Which of the following could be beneficial in reducing edema in the arms of women who have had radical mastectomy with removal of axial lymph nodes?
A. B. C. D. E. Hypertensive agents Avoidance of all diuretic agents Increase interstitial oncotic pressure Decrease interstitial hydrostatic pressure Administration of a plasma volume expander

Which of the following is MOST often associated with free fatty acid transport in human blood?
A. B. C. D. E. Albumin Globulin Cholesterol Sphingolipid Mucopolysaccharide

The main function of plasma globulins is to
A. Maintain colloid osmotic pressure B. Provide the body with both natural and acquired immunity C. Act as a framework on which clot formation may occur D. None of the above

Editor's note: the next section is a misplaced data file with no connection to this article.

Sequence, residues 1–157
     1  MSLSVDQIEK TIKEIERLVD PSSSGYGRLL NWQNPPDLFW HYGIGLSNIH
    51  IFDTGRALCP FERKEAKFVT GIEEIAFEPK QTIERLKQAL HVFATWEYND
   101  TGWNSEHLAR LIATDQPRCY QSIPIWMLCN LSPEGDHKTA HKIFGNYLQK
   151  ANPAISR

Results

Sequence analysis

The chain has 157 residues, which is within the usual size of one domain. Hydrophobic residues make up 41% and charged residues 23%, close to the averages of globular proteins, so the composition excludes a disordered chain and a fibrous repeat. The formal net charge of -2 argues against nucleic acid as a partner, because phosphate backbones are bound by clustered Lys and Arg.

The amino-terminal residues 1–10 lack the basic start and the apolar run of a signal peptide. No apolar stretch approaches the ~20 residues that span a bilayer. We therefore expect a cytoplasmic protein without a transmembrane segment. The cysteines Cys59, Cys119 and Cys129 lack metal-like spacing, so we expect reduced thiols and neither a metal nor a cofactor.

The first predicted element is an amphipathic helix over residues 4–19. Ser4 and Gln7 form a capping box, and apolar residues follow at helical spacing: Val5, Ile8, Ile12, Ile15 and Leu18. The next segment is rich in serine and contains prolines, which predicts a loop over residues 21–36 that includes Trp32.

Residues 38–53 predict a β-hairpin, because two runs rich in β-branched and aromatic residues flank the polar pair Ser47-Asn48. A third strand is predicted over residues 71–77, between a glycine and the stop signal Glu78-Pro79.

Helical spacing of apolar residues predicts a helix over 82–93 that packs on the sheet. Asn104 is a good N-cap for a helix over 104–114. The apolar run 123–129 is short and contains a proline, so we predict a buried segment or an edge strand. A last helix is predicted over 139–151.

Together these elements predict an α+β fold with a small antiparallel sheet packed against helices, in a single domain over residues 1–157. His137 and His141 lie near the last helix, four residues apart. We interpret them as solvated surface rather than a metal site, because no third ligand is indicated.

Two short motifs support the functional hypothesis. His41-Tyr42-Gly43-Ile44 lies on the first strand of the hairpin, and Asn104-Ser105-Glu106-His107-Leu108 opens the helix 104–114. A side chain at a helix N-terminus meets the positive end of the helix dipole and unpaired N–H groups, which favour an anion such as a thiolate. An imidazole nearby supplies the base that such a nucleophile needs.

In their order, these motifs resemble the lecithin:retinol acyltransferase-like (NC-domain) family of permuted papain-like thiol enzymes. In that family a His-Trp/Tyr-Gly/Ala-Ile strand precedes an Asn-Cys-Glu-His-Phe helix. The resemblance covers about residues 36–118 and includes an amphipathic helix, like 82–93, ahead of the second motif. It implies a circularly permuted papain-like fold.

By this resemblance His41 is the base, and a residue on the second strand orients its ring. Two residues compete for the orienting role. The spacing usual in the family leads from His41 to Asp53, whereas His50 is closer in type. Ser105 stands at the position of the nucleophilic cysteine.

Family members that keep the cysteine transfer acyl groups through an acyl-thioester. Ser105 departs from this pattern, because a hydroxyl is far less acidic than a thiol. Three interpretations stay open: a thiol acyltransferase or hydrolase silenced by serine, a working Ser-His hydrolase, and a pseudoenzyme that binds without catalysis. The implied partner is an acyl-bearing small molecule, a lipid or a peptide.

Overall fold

Distended veins in the neck result from which of the following?
A. B. C. D. Pulmonary edema Hemolytic anemia Systemic hypotension Congestive heart failure

Cardiac output is expressed as a product of
A. B. C. D. E. Stroke volume and heart rate Venous pressure and heart rate Stroke volume and respiratory rate Stroke volume and diastolic filling Venous pressure and coronary blood flow

CO=HR x SV

(Starling’s Law: CO=CR)

In the absence of compensatory changes, a drop in blood pressure results from
A. B. C. D. E. Vasoconstriction Increased hematocrit Increased stroke volume Increased cardiac output Decreased venous return

A marked fall in the oxygen tension in arterial blood would stimulate the receptors in the
A. B. C. D. Aortic arch and carotid sinus Walls of the great veins Aortic and carotid bodies Respiratory center